Biological Theories of Crime Essay

Total Length: 1593 words ( 5 double-spaced pages)

Total Sources: 6

Page 1 of 5

.....biological well-being and the features of the environment and how these affect a person's behavior and criminal tendencies is made clear by biological theories. Research has proved that the common traits and actions seen in criminals like delusion, brutality, loneliness and spontaneity are a function of several biological features such as physical problems, blood glucose levels and eating habits, external head damage, mental function and makeup, heredity, body systems and impaired mental function. The supporters of this theory believe that the biological insight into conventional actions of criminal minds give more effective tools, mechanisms, beliefs and examples which can work smoothly with the normal anticrime systems in keeping up their work quality.



The basic belief of the study targeted at biological makeup and criminality is that there is a connection between delusion, brutality, loneliness and spontaneity and crime. Several studies apply their own developed methods and parameters, a trend which complicates the drawing of inferences from their work. Due to the societal origins of crime, the identified links of biological make up with crime were derived from studies on the biological causes of actions and characteristics which are common to criminals such as delusion, brutality, spontaneity and others. As the number of studies covering this area is quite enormous, this paper only considered a selected group and put emphasis on the intriguing discoveries, theories and beliefs that are currently in use in criminology studies (Helfgott 50).



Question 2



The biological hypotheses claim that criminal tendencies in a person are due to one or several biological faults in the person's biological composition. The research by Raine postulates that these faults could be hereditary, cognitive (possibly due to trauma) or due to problems in their nerve function, in some cases, it could be a combination of two or all of the above (E-Criminal Psychology para 20).



Question 3



Severally, the actions and attitude of humans have been seen as a factor of their experiences and genetic build; on the other hand, the ways in which genetic modification affect one's behavior is still a hot topic of debate. Most times, this topic causes serious arguments with some even getting emotional as each try to shape the link between criminal tendencies.
This unwillingness to factor in genetic influences on criminality is subtly caused by political benefits, nonetheless, it also brings our attention to the fact that this research, formerly, was carried out using twins as the case studies, and expectedly, the results from this were often unaccepted due to this method.



However, they argued that the experiences of identical twins are quite similar when compared to that of non-identical twins. They stated that whatever similarity existed between them could be as a result of their identical life experience. Nonetheless, there remains an unwillingness to use the inferences derived from the genetic study of twins. Instead it is generally agreed that studying adopted children is a more preferable option due to the ease of studying external and genetic influences separately. A high percentage of criminal adopted children who have criminal real fathers (based on the fixed parameters) will prove that genetics has an effect on criminality. Another backing of this method is the fact that in most cases, the adopted children have no idea of their real parents and some don't even know they were adopted (MacLaughlin, John and Gordon 89)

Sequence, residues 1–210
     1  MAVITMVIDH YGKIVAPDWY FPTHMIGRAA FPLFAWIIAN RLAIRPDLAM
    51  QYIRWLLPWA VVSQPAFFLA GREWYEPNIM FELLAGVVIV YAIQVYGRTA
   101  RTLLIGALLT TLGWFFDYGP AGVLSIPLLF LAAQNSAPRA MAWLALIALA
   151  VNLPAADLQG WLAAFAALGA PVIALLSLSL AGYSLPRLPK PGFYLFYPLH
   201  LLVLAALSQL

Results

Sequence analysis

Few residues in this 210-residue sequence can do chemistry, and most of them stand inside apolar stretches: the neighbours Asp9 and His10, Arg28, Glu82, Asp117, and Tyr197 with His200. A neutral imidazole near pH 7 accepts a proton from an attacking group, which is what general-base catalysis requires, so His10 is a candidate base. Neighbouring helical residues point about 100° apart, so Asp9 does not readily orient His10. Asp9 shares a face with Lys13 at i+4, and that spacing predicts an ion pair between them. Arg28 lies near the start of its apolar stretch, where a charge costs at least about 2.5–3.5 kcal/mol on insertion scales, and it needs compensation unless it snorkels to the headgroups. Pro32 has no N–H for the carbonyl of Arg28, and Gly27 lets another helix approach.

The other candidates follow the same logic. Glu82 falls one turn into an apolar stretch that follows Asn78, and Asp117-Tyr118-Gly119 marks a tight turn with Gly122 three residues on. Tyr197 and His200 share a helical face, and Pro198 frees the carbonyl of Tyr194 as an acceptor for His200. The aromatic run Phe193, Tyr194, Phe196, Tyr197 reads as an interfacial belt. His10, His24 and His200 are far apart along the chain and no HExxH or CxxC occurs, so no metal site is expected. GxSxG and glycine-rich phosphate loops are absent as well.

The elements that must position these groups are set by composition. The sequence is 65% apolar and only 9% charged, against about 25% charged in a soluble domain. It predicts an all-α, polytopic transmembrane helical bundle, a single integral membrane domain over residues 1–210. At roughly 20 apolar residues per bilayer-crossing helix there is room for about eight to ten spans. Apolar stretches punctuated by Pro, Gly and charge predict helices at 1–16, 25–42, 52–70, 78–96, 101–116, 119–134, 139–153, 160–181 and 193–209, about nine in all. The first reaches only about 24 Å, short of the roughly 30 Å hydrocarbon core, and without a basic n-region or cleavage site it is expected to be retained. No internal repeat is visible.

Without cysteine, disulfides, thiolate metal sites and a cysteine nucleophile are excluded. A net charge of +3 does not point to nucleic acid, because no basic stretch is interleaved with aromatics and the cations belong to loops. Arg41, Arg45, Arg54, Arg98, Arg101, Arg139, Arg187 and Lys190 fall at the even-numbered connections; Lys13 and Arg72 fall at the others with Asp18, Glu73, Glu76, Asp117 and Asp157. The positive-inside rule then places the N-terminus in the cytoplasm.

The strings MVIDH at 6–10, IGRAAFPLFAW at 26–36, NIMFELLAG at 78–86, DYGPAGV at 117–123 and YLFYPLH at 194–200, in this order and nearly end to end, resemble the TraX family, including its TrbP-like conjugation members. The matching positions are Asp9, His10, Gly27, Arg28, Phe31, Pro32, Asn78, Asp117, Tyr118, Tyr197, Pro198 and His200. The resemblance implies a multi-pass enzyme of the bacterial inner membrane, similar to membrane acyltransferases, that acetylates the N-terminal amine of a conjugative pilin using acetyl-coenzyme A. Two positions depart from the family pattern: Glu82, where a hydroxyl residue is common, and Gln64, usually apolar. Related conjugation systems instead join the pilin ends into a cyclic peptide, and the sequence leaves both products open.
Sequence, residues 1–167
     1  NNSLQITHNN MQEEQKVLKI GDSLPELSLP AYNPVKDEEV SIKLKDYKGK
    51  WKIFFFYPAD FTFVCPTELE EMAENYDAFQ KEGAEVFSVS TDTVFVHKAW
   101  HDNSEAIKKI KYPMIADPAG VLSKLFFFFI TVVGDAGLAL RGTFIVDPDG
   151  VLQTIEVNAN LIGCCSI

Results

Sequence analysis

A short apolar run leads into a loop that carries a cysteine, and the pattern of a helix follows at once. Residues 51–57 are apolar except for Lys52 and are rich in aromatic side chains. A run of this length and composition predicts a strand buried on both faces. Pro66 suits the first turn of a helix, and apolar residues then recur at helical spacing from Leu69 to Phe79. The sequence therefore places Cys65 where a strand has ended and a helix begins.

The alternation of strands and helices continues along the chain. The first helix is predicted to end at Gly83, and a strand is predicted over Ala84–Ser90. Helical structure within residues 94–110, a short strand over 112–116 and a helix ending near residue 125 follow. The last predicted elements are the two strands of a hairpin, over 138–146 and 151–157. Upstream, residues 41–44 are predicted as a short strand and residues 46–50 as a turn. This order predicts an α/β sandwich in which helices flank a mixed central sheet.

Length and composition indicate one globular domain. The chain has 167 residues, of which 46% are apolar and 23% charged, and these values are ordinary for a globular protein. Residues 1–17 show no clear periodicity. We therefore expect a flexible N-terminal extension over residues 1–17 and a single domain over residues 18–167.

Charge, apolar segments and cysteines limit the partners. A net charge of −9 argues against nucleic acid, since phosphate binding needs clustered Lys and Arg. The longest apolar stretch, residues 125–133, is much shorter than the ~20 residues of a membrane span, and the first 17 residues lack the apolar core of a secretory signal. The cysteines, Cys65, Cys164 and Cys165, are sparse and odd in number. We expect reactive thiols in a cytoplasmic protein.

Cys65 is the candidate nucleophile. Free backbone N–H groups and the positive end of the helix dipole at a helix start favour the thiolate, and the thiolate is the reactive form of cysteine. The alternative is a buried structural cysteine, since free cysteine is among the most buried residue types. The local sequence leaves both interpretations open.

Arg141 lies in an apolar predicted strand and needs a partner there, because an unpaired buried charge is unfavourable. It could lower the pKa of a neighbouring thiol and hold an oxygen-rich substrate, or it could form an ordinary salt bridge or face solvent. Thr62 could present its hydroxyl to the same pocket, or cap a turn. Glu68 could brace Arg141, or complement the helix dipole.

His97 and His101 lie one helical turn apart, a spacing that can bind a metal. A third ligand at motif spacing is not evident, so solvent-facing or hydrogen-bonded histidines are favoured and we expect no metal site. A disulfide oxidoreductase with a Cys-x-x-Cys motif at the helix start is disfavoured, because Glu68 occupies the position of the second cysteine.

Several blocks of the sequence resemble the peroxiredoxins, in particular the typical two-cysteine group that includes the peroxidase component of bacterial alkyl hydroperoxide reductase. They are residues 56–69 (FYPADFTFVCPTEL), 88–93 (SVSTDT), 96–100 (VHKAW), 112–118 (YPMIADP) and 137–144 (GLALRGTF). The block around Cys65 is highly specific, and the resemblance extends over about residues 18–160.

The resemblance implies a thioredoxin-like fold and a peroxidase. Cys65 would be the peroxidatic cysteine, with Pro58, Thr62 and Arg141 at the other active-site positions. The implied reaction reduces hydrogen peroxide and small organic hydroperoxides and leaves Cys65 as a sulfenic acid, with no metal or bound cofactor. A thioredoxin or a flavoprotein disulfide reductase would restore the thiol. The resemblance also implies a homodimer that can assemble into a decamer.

Question 4



Sociobiology refers to the interpretation of social conduct using the evolutionary hypothesis (Edward O. Wilson). The basis of sociobiology is the assumption that a number of attitudes are passed on from the preceding generation and is subject to influences from natural selection. This concept believes that social conduct has changed over the years, in a similar way to how bodily features have changes. In most cases, animals will look for and develop themselves following behavior that benefit them in the long-term and this leads to the creation of complicated social traditions and several others (Crossman para 1-3).



Question 5



In the criminal world, "constitutional" could mean a number of things. It mostly means the bodily buildup of the subject i.e. body frame and muscular status or a number of uncommon body characteristics (stigmata). In a few cases, it….....

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Works Cited

"Buck v. Bell." West's Encyclopedia of American Law, edition 2. 2008. The Gale Group 25 May. 2017 http://legal-dictionary.thefreedictionary.com/Buck+v.+Bell

Beaver, Kevin M, James C. Barnes, and Brian B. Boutwell. The Nurture Versus Biosocial Debate in Criminology: On the Origins of Criminal Behavior and Criminality. Thousand Oaks, California: SAGE Publications, Inc., 2015. Print.

Crossman, Ashley. "What is Sociobiology?" ThoughtCo. N.p., 02 Mar. 2017. Web. 25 May 2017.

Eysenck, Hans J, and Gisli H. Gudjonsson. The Causes and Cures of Criminality. Boston, MA: Springer US, 1989. Internet resource.

E-Criminal Psychology. "Criminal Behavior." Criminal Psychology. N.p., n.d. Web. 25 May 2017.

Ford, Robert. "Biological and Psychological Theories of Crime." Nature of Crime. N.p., n.d. Web. 25 May 2017.

Helfgott, Jacqueline B. Criminal Behavior: Theories, Typologies, and Criminal Justice. Los Angeles: SAGE, 2008. Print.

MacLaughlin, Eugene, John Muncie, and Gordon Hughes. Criminological perspectives: essential readings. London: SAGE, 2013. Print.

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